Know your rights

Freelancers: What are your rights and how to enforce them?

They are calling it the ‘freelance revolution’ in the States, but whatever you want to call it the statistics speak for themselves. Data released last year by PCG and Kingston University showed that the number of freelancers in the UK had increased by some 12% since 2008, a trend that is reflected in data from other countries including the Netherlands and Germany.
However whilst being your own boss has its undoubted perks and advantages, it also has significant drawbacks in terms of income security and employment rights. Those new to the game are advised then to go into it with their eyes open to the potential pitfalls of freelance work.

Know your rights

Being your own boss, in the true self-employed sense, means that you generally do not qualify for employment law rights. The benefits of working for yourself means that you cannot claim sick pay and you have no protection from getting the sack, even if it would normally constitute unfair dismissal. 
As the recent case of Miriam O’Reilly highlights, contract workers brought in to a business to personally undertake work do gain the right not to be discriminated against by part five of the Equality Act 2010, but this is only if you (and only you) are capable of doing the work.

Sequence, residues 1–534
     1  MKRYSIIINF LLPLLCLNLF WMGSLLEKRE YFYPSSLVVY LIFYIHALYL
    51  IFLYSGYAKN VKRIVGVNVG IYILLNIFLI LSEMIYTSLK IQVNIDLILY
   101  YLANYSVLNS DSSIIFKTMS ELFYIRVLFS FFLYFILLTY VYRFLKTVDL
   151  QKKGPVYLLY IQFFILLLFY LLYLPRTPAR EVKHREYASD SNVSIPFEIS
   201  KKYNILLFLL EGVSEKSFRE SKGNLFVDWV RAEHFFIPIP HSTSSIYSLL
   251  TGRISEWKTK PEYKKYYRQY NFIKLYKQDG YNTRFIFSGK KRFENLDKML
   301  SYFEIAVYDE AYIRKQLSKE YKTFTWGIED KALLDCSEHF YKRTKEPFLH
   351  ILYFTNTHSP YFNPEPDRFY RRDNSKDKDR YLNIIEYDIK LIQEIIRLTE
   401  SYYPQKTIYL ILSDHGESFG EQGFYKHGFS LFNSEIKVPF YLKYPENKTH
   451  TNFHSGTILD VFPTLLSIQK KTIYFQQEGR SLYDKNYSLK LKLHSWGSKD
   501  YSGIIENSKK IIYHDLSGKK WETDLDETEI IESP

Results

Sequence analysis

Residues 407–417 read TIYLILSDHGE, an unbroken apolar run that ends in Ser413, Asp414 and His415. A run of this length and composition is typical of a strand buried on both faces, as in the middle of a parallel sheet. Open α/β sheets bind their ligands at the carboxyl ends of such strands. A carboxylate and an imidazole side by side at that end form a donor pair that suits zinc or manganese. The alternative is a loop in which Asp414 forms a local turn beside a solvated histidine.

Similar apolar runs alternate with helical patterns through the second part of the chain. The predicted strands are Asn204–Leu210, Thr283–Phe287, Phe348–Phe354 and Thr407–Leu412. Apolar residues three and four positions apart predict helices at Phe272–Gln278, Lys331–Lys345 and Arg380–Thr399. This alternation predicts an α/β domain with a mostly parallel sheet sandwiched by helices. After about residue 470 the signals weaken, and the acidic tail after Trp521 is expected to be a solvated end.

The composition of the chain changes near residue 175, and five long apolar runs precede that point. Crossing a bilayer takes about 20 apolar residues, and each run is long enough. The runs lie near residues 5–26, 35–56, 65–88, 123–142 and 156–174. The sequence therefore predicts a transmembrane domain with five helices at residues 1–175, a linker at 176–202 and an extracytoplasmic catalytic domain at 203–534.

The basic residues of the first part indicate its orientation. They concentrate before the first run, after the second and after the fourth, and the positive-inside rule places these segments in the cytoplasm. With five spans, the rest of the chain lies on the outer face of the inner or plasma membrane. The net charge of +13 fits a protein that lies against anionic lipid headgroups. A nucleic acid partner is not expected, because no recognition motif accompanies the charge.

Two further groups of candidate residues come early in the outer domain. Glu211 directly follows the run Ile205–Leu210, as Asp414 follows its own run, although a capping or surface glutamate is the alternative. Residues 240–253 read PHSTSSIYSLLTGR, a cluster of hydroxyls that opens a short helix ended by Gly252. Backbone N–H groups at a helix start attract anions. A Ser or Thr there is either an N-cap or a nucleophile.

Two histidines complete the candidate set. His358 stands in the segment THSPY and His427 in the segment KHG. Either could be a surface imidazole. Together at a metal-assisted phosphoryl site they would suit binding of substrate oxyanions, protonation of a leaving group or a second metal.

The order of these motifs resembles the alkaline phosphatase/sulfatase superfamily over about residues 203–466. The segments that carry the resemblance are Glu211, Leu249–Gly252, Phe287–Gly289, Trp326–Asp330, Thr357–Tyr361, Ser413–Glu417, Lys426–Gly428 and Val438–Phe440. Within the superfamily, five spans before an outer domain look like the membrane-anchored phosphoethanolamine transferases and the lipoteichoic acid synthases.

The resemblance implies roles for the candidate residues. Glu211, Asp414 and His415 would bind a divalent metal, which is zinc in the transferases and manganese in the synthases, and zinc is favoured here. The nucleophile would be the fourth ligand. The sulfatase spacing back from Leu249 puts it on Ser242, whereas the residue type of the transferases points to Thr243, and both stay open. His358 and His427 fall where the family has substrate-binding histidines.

Freelancers are entitled to a safe working environment according to health and safety laws, and of course freelancers have a right to be paid for work completed.

Getting paid

One of the biggest issues for freelance workers is cash flow, and whilst getting the work is one thing, getting paid properly and on time is something else. Managing your invoices is an important part of being a freelancer, and you must be prepared to do some ‘credit control’ from time to time. 
It is vital to stay on top of this, making regular contact with businesses to nudge things along. Be sure to keep copies of contracts or discussions that formed the basis of your agreement to work with this client. Make sure the client has a correct invoice and provide a copy if one is mislaid.
If all of the above fails, then take proper legal advice from your employment lawyer or company lawyer or consider appointing a debt recovery agency. 

Know when you are really a ‘worker’

Employment law states that in some circumstances ‘freelancers’ who work for a single client for a period of time may in fact be a ‘worker’, and as such may then be entitled to workers rights. This is important as it has enabled freelancers in some circumstances to accrue holiday pay and the right not to be unfairly dismissed in employment law if the court believes the working relationship to be more akin to employment than freelancing. 

This article was contributed by Solicitor Directory